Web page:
The end of the year always seems to be the time in the ad industry where people look back, with the goal of neatly wrapping up what may have been considered the ‘trends’ of the last 12 months.
Personally, I don’t really care about what the trends were. I’m happy to be rid of them. As a composer, though, I’m naturally aware of all this stuff. I see the spots. I get the musical direction from clients.
This is not a bad thing.
It’s understandable that in describing the music one wants, ad creatives and clients would refer to something they’ve heard. I think people want to innovate and break away from the trends, but if you’re not a musician, often all you can do is base your point of reference on something concrete – what else can you do with this abstract concept, but compare it to something that actually exists?
The thing is, it takes some courage to break away from the trends. When you know something ‘works’, it’s a bit of a risk to try something different. And it’s really a dive into the unknown for a client, since all they can ask for in the early stages is something ‘new’, ‘different’ or ‘unexpected’.
When the song demo arrives, things get harder: then they need to look at this ‘different’ music, and not view it through the glasses of the current (or past) trends that they already know.
The key is to be current. Being current does not mean sounding like what is ‘current’. By the time you hear the latest, it’s already old news. The next wave of hits are already moving down the production pipeline. It also doesn’t necessarily mean to be some parody of futuristic atonal sci-fi music beyond the realm of human comprehension.
To be ‘current’ is to be different from the trends of the past. So how do you get there?
Some of the most memorable projects I work on are realised when no reference track is provided. Not because I get to have fun doing whatever I please, but because I get to do what’s best for the spot.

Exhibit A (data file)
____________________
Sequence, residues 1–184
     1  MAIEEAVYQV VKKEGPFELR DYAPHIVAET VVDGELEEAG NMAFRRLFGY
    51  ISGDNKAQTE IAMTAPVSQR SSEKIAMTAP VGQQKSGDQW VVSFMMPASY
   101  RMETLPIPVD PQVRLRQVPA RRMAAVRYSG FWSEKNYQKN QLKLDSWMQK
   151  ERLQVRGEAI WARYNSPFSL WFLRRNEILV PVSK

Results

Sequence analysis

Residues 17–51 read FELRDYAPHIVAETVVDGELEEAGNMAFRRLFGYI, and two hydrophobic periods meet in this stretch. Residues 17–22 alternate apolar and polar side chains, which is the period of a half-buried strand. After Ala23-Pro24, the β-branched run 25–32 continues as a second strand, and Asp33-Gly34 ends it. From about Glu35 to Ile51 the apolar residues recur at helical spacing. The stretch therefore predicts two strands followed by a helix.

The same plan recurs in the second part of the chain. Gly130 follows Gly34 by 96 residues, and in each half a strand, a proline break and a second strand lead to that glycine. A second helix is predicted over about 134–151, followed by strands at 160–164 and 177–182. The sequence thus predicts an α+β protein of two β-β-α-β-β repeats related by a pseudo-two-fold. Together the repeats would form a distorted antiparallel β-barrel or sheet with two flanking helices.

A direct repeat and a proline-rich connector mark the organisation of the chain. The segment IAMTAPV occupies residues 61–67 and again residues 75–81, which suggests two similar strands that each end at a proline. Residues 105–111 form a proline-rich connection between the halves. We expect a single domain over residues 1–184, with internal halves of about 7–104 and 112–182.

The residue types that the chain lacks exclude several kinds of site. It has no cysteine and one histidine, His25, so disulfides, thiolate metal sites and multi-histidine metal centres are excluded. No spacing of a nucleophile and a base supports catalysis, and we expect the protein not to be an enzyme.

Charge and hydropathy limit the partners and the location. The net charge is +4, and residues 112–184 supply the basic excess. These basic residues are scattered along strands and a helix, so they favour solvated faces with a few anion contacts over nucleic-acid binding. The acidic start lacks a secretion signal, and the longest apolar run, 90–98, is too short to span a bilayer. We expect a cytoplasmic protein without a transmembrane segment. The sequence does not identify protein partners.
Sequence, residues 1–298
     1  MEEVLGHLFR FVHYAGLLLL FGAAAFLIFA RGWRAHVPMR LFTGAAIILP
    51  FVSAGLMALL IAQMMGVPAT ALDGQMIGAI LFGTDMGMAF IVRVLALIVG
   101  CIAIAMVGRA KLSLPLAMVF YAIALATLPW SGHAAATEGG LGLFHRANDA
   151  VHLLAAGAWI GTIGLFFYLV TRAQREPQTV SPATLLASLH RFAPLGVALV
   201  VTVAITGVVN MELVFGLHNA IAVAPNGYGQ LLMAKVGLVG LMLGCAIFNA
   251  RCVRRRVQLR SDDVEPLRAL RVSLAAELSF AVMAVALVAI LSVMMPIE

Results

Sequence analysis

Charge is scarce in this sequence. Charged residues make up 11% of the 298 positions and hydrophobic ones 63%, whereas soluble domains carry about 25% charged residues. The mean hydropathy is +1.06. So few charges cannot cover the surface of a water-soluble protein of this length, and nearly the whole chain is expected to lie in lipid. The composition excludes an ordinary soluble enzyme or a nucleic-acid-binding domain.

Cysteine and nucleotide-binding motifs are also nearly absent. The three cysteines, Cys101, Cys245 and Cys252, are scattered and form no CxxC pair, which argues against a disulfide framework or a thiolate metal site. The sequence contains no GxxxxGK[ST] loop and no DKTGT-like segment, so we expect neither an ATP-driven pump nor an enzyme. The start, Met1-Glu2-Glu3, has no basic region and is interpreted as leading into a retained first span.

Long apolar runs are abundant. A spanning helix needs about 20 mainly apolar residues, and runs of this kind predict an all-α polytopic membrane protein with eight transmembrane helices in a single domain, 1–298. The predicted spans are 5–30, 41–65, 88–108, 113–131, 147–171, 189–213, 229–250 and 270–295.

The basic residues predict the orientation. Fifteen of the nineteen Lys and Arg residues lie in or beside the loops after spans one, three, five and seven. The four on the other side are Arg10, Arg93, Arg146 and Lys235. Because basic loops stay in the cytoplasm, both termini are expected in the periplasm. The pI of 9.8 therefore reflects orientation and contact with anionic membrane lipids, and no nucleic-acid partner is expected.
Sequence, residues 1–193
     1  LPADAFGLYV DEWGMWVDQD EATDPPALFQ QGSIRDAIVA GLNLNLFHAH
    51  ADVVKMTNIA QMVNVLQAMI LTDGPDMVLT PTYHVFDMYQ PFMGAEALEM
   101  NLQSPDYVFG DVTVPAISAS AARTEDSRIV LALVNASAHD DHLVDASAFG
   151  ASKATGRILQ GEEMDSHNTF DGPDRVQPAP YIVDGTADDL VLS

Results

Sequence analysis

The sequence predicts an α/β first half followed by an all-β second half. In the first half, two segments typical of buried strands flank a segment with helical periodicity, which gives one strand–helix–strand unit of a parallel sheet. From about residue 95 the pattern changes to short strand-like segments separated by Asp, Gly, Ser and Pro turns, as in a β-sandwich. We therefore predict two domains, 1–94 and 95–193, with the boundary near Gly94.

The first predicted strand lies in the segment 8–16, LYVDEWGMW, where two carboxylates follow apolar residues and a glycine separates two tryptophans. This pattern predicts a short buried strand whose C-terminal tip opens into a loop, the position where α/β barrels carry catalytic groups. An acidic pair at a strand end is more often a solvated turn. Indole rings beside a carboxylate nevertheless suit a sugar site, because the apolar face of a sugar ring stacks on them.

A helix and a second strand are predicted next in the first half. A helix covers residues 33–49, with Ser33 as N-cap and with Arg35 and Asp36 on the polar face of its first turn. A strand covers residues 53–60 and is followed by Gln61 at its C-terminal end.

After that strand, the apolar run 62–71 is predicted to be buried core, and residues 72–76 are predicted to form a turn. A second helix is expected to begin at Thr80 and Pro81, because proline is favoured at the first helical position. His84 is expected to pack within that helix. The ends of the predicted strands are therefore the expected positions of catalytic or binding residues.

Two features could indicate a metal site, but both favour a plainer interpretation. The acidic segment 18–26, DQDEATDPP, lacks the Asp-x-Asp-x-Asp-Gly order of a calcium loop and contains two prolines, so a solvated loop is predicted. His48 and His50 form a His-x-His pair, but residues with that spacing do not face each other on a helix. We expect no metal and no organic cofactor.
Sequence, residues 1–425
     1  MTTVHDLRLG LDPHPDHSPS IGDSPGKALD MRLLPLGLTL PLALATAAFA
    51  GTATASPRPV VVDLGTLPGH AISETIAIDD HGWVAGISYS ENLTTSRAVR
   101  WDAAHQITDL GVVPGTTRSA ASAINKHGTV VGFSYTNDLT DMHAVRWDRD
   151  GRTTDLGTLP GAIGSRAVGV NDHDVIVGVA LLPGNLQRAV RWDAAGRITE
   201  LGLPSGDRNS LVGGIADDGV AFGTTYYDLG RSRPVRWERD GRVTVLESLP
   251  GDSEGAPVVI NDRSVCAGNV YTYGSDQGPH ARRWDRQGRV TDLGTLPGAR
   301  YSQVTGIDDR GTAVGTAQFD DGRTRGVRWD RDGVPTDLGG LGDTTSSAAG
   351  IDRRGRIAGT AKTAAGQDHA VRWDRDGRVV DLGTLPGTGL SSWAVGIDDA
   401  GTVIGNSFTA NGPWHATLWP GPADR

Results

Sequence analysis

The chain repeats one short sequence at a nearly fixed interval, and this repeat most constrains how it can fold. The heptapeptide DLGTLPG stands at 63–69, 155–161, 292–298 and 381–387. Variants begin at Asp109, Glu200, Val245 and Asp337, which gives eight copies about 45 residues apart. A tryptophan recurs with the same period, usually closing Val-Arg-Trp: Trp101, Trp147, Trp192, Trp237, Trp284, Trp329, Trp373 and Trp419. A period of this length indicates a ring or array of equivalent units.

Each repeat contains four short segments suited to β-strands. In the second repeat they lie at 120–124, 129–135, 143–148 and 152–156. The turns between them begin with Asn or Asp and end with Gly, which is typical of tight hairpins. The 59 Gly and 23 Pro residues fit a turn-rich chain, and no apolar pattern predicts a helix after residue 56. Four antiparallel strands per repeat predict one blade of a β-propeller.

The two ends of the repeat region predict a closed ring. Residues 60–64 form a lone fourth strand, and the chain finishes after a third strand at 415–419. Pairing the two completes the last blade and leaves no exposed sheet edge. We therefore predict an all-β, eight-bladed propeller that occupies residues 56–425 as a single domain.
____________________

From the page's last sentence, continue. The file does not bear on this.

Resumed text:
For example, our NYC-based music company PULL recently finished a Nike campaign where we were able to really stretch musically with primitive string sounds and spare percussion – it was a soundtrack that was markedly different from your everyday electronica beat. This music would never have existed if it were put into the context of existing songs.
It also would never have existed were it not for the footage. I was able to just watch the movie, look around the studio, reach for different instruments and let the inspiration guide me. In the end, thanks to a relationship of trust and respect between composer and client, we finished a campaign that we’re all really proud of.
In 2015 I’ve seen more agencies eager to drive projects to their creative limits than ever before.
So how do you innovate and break your own habits? Have fun with it. Create physical boundaries that force you to do things differently – limitations can lead to innovations.
As a musician, for example, I may sidestep some of my own habits for a project by only using certain instruments or limiting myself to specific notes. If I were a left-handed painter, I may use only my right hand. As a writer, maybe I’ll disable the ‘s’, ‘r’, ‘q’ and ‘e’ keys so I’d be forced to reconsider my phrasing.
When you think about it, ‘defining trends’ is a subconscious way we force ourselves to push creativity a bit... Heaven forbid in 2016 you are still doing that thing that is ‘so totally 2015’.
Mitch Davis is composer and co-founder at music production company, PULLview more - Trends and Insight